The Machine – Designing a New Industrial Revolution

0a7goodone494_847c506e31.jpgPhoto Kristof Vrancken

7a6latex4b7c6f8d_z.jpgThe Creative Factory (detail). Photo Kristof Vrancken

0a7seul202_d5a84060dc.jpgPhoto Kristof Vrancken

You might not be aware of it because i try to behave like a lady on my blog but I’ve spent the past couple of years shouting over the rooftops of the city that nothing bores me more than an exhibition of industrial, product or interaction design. Well, i’ve shouted too fast and too loud because last Wednesday i saw this brilliant exhibition called The Machine – Designing a New Industrial Revolution and suddenly, design became exciting again for me.

As befits the title, the show takes place on the site of an ex-coal mine in Genk, in the Belgian Limburg mining region. But instead of focusing on the industrial revolution, the exhibition champions the current revolution in digital production

‘The Machine’ is indeed a metaphor for the machinery deployed by designers who appropriate tools, material and systems and use them to help shape the future of production, consumption and more generally our relation to goods.

This new, and almost domestic machinery is exhibited among the impressive historical machines of the ex-coal mine. The work of the young designers both acknowledges and contrasts with the historical setting. The dark, heavy and now silent machines serve as a dramatic set for the exhibition, with Pantone Process Cyan hanging like the blue ‘key’ screen used in the cinema industry.

0m-Genk-C-mine.jpgC-mine. Photo via matandme

7b6visiteur_9edd950de7.jpgPhoto Kristof Vrancken

0bubblea04c6245ec.jpgPhoto Kristof Vrancken

0j7denhaut0_ffcfb2c4ec.jpgPhoto Kristof Vrancken

The industrial revolution was a revolution for engineers. Now designers are at the forefront of a new revolution. They are part of networks that enable them to develop new materials and systems, build their own machines, and seek new tools for production and distribution. These developments offer an alternative to mass production and open paths to a new economy and society.

By making production processes more transparent, designers demonstrate that production doesn’t have to be completely disconnected from the consumption.

In an interview for the catalogue of the exhibition (which you can and should download), Jan Boelen, the curator of The Machine as well as the artistic director of Z33 explains: “The physical object is yours, but the information is shared between everybody. Making this exhibition demonstrates the hope that things can really change.That on the ruins here in Genk or even in Detroit, things can change because people take control and start doing things by themselves.”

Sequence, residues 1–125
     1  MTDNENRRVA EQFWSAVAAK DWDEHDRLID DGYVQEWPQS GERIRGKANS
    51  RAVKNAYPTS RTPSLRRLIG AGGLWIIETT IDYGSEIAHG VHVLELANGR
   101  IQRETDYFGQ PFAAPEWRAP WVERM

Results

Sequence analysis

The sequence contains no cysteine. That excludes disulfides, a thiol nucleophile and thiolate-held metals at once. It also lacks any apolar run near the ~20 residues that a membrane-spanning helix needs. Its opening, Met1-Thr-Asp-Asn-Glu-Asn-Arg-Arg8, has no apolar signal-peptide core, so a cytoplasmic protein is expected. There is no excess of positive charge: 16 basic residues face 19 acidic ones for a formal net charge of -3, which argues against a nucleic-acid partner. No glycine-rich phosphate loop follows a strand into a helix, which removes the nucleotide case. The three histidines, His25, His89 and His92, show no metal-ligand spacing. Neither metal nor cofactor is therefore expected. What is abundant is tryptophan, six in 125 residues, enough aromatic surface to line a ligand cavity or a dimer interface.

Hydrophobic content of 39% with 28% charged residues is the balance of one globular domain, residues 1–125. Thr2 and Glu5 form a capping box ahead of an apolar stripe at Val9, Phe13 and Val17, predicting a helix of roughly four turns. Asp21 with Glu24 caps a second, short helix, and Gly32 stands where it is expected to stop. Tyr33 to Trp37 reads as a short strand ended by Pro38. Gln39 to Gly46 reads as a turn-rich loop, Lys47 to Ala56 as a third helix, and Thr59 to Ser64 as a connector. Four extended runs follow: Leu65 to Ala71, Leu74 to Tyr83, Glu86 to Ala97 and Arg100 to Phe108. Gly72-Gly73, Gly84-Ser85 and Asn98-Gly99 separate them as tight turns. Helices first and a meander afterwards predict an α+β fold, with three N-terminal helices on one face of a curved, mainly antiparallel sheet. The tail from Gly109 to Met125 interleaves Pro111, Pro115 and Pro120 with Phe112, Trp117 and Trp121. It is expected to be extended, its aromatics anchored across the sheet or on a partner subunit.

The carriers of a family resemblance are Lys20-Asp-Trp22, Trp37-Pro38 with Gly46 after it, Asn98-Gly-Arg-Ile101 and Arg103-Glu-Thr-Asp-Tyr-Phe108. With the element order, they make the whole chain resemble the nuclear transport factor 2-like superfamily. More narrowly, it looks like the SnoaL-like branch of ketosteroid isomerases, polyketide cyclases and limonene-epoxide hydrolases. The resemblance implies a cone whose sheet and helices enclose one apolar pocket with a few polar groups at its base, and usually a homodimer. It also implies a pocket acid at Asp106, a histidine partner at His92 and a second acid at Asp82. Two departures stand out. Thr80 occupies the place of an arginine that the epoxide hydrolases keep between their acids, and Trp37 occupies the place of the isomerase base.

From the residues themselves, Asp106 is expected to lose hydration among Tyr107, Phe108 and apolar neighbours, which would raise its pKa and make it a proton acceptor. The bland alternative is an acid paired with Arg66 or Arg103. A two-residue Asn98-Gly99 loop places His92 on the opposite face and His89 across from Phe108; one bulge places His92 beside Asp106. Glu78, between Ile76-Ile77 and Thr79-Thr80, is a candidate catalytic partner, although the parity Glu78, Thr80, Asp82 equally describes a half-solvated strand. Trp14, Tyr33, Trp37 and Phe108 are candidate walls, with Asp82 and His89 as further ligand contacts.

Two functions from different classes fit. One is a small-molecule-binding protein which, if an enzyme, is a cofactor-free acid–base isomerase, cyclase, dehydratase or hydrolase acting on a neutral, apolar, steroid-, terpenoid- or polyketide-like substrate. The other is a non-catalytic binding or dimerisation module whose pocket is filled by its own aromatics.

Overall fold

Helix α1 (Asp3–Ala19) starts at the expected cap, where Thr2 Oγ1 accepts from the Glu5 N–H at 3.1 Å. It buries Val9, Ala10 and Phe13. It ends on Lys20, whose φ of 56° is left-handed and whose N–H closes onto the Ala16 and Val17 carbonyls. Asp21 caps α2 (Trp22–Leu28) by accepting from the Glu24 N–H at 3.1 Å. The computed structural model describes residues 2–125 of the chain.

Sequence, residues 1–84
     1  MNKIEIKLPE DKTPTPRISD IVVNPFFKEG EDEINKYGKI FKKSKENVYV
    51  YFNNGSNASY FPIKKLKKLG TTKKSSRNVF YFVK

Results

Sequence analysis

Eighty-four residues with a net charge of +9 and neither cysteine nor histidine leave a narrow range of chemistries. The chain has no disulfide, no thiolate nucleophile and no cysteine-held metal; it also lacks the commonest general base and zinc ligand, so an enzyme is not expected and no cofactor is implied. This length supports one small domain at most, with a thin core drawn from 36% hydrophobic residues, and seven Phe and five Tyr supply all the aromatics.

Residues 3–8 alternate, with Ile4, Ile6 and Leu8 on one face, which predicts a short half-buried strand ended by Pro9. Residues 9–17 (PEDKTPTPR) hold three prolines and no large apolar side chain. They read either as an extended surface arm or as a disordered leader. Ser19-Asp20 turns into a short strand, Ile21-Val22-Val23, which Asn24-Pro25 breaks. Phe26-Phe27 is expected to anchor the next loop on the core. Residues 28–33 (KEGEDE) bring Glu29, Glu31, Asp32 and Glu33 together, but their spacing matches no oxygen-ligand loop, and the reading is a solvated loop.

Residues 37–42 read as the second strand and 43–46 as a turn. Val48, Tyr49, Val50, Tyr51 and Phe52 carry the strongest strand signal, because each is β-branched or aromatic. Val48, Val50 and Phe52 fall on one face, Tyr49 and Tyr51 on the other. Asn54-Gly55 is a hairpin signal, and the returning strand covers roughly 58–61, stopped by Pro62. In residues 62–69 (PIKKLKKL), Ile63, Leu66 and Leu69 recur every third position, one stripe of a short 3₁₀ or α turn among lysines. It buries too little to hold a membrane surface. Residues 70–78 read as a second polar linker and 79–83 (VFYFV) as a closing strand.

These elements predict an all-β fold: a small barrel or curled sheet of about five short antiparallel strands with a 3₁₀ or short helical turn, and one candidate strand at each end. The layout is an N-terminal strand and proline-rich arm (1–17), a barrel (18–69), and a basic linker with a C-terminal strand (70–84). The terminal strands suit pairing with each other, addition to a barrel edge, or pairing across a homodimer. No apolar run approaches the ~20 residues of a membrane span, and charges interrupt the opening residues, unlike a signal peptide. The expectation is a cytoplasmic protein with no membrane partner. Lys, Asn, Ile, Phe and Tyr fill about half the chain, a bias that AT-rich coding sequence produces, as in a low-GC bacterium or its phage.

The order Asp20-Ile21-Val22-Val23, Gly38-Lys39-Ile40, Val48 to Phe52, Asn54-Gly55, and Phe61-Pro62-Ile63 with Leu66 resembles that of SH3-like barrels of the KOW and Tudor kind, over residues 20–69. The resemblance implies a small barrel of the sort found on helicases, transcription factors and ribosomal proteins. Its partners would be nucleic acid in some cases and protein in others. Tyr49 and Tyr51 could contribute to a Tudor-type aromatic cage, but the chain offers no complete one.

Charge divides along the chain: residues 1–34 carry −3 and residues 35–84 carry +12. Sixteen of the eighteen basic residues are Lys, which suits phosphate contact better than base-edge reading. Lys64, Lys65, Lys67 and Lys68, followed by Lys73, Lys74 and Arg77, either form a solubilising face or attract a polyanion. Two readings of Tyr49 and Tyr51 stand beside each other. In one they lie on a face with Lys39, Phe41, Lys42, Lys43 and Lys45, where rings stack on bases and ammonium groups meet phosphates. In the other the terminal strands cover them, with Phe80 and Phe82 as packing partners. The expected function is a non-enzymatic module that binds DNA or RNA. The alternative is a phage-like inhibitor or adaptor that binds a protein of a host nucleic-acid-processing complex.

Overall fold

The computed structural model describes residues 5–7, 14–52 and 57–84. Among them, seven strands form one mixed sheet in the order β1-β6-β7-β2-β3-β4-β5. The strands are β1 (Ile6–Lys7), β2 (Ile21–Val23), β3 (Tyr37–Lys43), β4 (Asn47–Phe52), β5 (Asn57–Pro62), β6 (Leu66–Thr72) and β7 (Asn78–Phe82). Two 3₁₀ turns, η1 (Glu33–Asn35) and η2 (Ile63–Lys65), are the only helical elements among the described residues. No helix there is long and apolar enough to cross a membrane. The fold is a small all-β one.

0a7coffee74_f7c415a5ed.jpgJuan Montero Valdes, Hacking Hope: All I Want to do is Make Some Money, 2012 – ongoing. Photo Kristof Vrancken

0a7aufond2000_58013b384a.jpgJuan Montero Valdes, Hacking Hope: All I Want to do is Make Some Money, 2012 – ongoing. Photo Kristof Vrancken

Juan Montero Valdes‘s All I Want to do is Make Some Money does literally what you’re already suspecting: the work replicates, on a domestic scale, the industrial process used to make dollar bills. Following the designer’s set of instructions and using only domestic appliances, anyone can print money at home.

All I Want to do is Make Some Money is part of ‘Hacking Hope’, a wider project that attempts to highlight the possible decentralisation of our current means of production by utilising the untapped potential of the many household appliances and machines we amass at home. From the tv set to the toaster or the printer, most of these devices often has only one function. Montero Valdés’s project taps into the mass potential of these machines, forcing them to collaborate with each other or adopt new roles.

l7lasalleb62751f0bd.jpgThomas Maincent, SpiderFarm, 2011 – ongoing. Photo Kristof Vrancken

0aaspider0_abcc03f246.jpgThomas Maincent, SpiderFarm, 2011 – ongoing. Photo Kristof Vrancken

a76spider720445ed_z.jpgThomas Maincent, SpiderFarm, 2011 – ongoing. Photo Kristof Vrancken

0oroue6_206cb4df34.jpgThomas Maincent, SpiderFarm, 2011 – ongoing. Photo Kristof Vrancken

Thomas Maincent‘s SpiderFarm is a bio-factory that reconstructs the environmental conditions of a Madagascar silk spiders‘ natural habitat.

SpiderFarm from Thomas Maincent on Vimeo.

These spiders might produce the most spectacularly golden silk, but they are also territorial and may cannibalize each other if they are kept too close to each other. Maincent’s answer to the challenge is to build a high-rise indoor farm that gives spiders enough space to live until they’re guided to a “milking” area that coaxes the spiders to produce silk for human use.